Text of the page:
O'Rielly said he supports faster broadband for the whole country, "but selecting an artificially high standard and applying it in a way that is impossible to achieve in order to reach all Americans, certainly in the near term, makes a mockery of a process that was supposed to provide an honest assessment of broadband deployment in the United States," he said in a statement.

CTIA, the wireless industry trade group, said it "believes that advanced communications capability is being deployed in a reasonable and timely fashion and that mobile broadband is an important component of the broadband marketplace," and pledged to "review carefully the details of this report."

Consumer group Public Knowledge, however, praised the move as "long overdue."

"The National Broadband Plan set a goal stating that, by 2020, 'at least 100 million U.S. homes should have affordable access to actual download speeds of at least 100 megabits per second.' Today's report is an important finding of fact that can help the FCC more accurately assess our progress toward that goal, and one that is relevant to a number of other FCC proceedings," said Edyael Casaperalta, an Internet Rights Fellow at Public Knowledge.

Casaperalta urged the FCC to "gradually improve its standards in the future" rather than making huge jumps after a number of years.



January 29, 2015

Apple Close to Beating Samsung in the Smartphone Race

iPhone 6 Plus vs Galaxy Note 4

Forget the Patriots and the Seahawks: Apple and Samsung take the crown for biggest rivalry of 2015.

According to Strategy Analytics, the electronics giants tied as the world's No. 1 smartphone vendor in the fourth quarter.

IDC released similar data, but crowned Samsung the victor, with a mere 600,000 units over Apple: 75.1 million vs. 74.5 million.

Together, the American and South Korean companies helped smartphone shipments grow 31 percent, reaching a record 380.1 million at the end of 2014, Strategy Analytics reported. A total 1.3 billion smartphones were delivered worldwide between October and December; emerging markets like India, Africa, and China proved to be popular destinations last quarter.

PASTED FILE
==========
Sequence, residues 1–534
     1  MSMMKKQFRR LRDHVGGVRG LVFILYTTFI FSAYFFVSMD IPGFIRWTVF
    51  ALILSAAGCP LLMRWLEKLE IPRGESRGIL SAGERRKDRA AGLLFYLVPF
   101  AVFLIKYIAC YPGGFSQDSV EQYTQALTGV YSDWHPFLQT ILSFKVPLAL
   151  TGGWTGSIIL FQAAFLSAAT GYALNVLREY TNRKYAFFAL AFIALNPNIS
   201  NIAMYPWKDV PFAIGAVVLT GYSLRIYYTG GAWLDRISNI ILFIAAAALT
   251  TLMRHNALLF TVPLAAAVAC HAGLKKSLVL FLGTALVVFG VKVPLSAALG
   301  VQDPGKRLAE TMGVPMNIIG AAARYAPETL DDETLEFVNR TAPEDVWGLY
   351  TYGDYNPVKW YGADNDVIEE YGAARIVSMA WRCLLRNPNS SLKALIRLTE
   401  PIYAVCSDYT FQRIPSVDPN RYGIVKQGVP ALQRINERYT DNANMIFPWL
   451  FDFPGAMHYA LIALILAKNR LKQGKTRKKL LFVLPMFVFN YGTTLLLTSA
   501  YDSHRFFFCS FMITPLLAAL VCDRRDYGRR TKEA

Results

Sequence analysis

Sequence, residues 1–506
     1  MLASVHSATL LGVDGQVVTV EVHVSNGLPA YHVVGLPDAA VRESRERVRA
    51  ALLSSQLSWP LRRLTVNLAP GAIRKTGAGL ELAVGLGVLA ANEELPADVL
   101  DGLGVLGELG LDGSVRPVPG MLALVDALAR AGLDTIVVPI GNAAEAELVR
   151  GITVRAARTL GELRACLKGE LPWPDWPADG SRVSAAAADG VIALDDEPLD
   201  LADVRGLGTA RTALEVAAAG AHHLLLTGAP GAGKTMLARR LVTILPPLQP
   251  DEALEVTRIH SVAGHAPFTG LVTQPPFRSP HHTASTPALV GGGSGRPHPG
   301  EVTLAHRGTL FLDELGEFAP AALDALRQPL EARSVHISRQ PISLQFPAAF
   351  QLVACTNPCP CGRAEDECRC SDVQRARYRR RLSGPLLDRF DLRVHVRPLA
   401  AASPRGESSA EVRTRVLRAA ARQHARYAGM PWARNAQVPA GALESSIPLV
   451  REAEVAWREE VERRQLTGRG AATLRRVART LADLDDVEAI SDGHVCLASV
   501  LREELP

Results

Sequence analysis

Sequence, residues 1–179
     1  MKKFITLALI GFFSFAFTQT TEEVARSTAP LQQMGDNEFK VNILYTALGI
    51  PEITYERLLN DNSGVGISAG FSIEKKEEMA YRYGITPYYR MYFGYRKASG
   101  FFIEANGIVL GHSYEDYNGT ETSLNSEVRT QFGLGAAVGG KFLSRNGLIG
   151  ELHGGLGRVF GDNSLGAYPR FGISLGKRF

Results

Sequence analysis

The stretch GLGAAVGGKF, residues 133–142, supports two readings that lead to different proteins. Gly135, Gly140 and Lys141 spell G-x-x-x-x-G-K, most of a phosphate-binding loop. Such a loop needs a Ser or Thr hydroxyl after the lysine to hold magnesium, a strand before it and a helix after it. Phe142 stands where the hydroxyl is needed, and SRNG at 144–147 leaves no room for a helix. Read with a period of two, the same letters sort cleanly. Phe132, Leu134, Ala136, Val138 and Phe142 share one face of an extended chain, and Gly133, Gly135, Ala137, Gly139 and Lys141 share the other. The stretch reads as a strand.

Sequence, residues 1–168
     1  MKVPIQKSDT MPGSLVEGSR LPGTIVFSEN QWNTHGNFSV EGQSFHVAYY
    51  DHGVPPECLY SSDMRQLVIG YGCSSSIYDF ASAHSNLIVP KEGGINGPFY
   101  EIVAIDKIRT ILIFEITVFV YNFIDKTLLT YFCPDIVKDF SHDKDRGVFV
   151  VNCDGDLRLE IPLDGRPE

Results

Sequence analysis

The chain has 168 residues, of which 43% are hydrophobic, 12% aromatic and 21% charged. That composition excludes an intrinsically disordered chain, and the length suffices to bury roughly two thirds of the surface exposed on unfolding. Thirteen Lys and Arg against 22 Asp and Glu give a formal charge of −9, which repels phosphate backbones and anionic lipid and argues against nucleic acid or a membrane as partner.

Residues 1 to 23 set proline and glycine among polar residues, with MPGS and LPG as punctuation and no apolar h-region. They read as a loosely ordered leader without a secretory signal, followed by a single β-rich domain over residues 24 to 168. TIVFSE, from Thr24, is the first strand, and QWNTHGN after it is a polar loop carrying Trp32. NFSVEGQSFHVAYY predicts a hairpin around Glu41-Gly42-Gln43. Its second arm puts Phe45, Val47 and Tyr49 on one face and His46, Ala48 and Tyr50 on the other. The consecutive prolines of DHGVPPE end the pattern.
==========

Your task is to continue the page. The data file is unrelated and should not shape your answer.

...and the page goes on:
Samsung did take a 10 percent dive from the same time in 2013 amidst intense competition from newcomers Huawei and Xiaomi. It may take the acquisition of rivals like BlackBerry to help revitalize the company's growth, Strategy Analytics' Neil Mawston suggested (though BlackBerry has denied such plans).

"That the worldwide smartphone market grew by 27.6 percent in 2014 is noteworthy, but it also represents a significant slowdown compared to 2013," Ramon Llamas, IDC research manager, said in a statement.

Mature markets, Llamas said, are more reliant on replacement purchases than first-time buyers, who continue to flood emerging outlets selling low-cost gadgets.

"What remains to be seen is how the vendors beyond Samsung and Apple will assert themselves," Llamas said. "With Lenovo acquiring Motorola, and Xiaomi having greater aspirations beyond China, the competitive pressure will come more from below and less from above. This will make the smartphone race continuously competitive as 2015 shapes up."

Though Apple just missed topping Samsung during the quarter, according to IDC's numbers, Cupertino gained a bit of market share over the last year and saw shipments rise from 51 million units to that staggering 74.5 million. Samsung slipped on both points.

"Most of the industry expected an extremely strong holiday quarter from Apple, especially with regards to the iPhone," said Ryan Reith, program director of IDC's Worldwide Quarterly Mobile Phone Tracker report. "However, worldwide shipments of 74.5 million units beat everyone's expectations."

Lenovo's official integration helped Motorola sell 24.7 million devices and capture 6 percent share, barely beating Huawei, which managed about 24 million shipments, according to IDC and Strategy Analytics.

On the operating system front, Android shipped an impressive 1 billion smartphones worldwide last year, accounting for more than 80 percent of 2014's sales, Strategy Analytics found. That's up from 800 million last year. But Google's popular OS runs on what seems like a limitless supply of handsets—from Samsung to HTC to Motorola and more—allowing it to saturate more of the globe than, say, Microsoft.